(2) Now, we've had a huge scope expansion in the refactoring itself due to which the project timeline has extended massively.

(3) My team feels that working on such a long timeline project is risky and prone to further scope expansion if new consumers start using the old legacy system in the meanwhile.

(4) Another challenge with this is that my team has no context or understanding of all the consumer systems.

Questions:

(1) What approach can I use to now change the plan and convince the managers/tech leads of the consumer teams to own the migration of their consumers code to the new service?

(2) In general, what approach would be ideal for such a large-scale migration - Centralized migration by the service provider team vs distributed migration by all the respective consumer teams?

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How to thrive in a new role that's much bigger than what I'm used to?

Senior Software Engineer [L5] at Google profile pic
Senior Software Engineer [L5] at Google

What should I think about and focus my efforts on when I get a project and a role that's of (1) bigger scope and (2) tighter deadlines than I'm used to?

Context

A reorg has suddenly thrust me into the TL role for a very high-profile project on a new team. This project is part of OKRs 4 levels up the chain and has the eyes of several director level people across different functions. From what I've heard, this project already suffered from "too many cooks in the kitchen" syndrome, and on top of that, this project has delivery date set in Q3, which is quite aggressive from our org's standards.

I've landed in this position because I was transitioning to this team prior to the reorg, AND the EM/TL/PM/2 L5s has been reorg'ed out, and they needed someone who had previously TL experience and was willing to do it.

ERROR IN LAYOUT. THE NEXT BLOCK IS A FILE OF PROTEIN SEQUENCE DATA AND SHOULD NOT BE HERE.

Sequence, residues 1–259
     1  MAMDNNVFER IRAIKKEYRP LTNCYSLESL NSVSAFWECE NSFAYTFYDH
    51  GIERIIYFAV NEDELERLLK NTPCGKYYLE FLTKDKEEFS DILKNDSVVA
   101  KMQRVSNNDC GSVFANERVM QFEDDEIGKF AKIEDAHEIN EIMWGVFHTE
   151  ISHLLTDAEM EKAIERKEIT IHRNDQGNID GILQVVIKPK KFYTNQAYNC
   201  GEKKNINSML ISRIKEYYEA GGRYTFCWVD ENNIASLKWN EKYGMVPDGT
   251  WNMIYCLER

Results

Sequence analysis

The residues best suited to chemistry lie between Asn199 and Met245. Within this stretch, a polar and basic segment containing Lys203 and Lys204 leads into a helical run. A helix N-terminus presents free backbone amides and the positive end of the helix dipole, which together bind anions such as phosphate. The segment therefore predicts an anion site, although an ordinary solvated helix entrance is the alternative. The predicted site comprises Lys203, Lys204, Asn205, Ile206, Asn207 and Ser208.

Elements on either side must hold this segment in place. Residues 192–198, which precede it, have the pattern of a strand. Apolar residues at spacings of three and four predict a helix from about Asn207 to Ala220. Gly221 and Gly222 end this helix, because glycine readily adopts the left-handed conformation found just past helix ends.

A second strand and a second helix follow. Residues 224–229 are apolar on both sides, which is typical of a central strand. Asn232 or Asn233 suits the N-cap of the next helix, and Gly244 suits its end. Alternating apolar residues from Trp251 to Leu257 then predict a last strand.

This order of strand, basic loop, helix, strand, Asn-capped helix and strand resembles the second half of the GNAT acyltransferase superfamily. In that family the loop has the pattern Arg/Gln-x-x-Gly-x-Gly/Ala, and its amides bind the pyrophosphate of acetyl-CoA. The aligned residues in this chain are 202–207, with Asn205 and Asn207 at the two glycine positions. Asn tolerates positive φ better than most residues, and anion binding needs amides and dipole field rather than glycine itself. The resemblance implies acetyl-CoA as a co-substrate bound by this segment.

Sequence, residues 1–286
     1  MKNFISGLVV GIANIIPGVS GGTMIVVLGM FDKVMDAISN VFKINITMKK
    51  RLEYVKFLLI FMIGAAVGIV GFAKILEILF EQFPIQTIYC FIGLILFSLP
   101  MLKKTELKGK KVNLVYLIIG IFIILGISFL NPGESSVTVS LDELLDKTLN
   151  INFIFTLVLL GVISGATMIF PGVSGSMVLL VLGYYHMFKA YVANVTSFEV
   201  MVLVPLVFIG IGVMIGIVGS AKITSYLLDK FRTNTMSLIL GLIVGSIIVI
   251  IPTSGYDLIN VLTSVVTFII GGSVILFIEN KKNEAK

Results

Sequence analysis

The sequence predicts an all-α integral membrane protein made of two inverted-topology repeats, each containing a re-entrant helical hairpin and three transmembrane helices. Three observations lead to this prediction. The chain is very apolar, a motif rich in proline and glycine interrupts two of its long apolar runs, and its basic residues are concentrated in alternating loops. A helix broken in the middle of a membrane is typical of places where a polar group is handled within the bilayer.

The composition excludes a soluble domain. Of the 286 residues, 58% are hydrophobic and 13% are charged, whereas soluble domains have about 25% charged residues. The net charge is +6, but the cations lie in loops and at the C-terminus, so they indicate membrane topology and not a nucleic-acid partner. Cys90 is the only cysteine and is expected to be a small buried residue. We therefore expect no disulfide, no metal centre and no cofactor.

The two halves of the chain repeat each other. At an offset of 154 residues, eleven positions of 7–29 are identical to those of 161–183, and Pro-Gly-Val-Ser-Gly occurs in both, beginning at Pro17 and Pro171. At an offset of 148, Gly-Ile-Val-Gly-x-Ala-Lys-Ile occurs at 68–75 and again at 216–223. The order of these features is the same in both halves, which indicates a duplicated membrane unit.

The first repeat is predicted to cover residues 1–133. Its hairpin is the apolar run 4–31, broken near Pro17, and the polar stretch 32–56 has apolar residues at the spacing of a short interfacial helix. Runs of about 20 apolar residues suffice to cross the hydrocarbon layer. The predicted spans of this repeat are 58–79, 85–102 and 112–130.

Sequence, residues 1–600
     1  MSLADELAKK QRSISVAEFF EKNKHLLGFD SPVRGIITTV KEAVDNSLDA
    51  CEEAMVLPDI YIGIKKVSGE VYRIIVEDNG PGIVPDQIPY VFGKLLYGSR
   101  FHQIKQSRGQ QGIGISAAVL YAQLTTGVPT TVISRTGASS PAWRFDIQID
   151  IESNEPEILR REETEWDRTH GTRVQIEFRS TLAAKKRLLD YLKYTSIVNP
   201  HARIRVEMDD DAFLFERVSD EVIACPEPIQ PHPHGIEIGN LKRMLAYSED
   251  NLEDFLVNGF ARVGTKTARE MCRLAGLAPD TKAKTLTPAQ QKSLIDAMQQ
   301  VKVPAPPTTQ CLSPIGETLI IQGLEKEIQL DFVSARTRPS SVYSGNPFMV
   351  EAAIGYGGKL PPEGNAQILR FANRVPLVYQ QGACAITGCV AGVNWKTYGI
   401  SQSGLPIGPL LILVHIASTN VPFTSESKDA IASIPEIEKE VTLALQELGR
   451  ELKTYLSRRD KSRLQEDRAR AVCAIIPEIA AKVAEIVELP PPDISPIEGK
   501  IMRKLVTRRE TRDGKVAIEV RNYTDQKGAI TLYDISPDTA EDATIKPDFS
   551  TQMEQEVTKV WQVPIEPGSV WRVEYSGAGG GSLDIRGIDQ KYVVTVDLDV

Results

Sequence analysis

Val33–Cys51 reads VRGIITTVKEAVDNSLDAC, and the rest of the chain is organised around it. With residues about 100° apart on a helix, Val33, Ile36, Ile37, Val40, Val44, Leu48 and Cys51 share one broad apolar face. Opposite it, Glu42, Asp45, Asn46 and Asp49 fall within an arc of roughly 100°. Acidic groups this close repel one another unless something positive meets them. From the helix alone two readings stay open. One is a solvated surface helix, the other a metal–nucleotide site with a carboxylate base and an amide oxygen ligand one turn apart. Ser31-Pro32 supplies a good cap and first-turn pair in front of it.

I've previously TL'ed a team of 4 people, with important but "normal" priority projects. This is clearly a great opportunity for me, but I am afraid I'm not ready to handle it and I'm at a bit of loss as to what I should be focusing most of my effort on. With the tight deadlines I have, I feel like every day will be a battle so any advice on how to approach this will be appreciated.

I have one other L5 supporting me who I trust very much and a new EM who's rumored to be very good. We currently have 4 SWE including me and we'll be getting more at least 4 more engineers, with lots of adjacent teams helping out. I do also have good standing and connection in the org overall and I know how to get a "normal" project in our org over the line (I did an in-org transfer).

What I'm thinking about right now

  1. Knowledge Transition: since a lot of critical members of the team are leaving and I am taking over, I feel the biggest priority in the near term is to absorb as much knowledge from them as possible. So far, they have some prototypes, and I wanted to get my hands dirty, so maybe I should focus on is to understand the work that's been done really well, and the design choices that's been made already?
  2. Gather support: I feel like biggest personal risk is that I don't know how to show up in higher-stake meetings with directors. Is it any different? Where do you all see the risk is?
  3. Enable the team: I know the biggest responsibility I have, more than anything, is to make sure the team is able to work on the project and help us deliver this. Aside from the L5, I don't know a lot about the people. I feel I should putting my focus on ensuring they are as successful as possible, not focusing on my own technical knowledge as much, for us to succeed. Is that a good way to think about it?
  4. Self-management: I anticipate I'll be very stressed and pulled in many directions. I already feel this way. What are some tools I can leverage in "crunch time"?
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How can I safely plan a difficult project for which I have little context?

Senior Software Engineer at Series C Startup profile pic
Senior Software Engineer at Series C Startup

Context:-

  1. My team is going to work on a new project which involves upgrading a service and migrating/enabling all of the dependents to use the new service.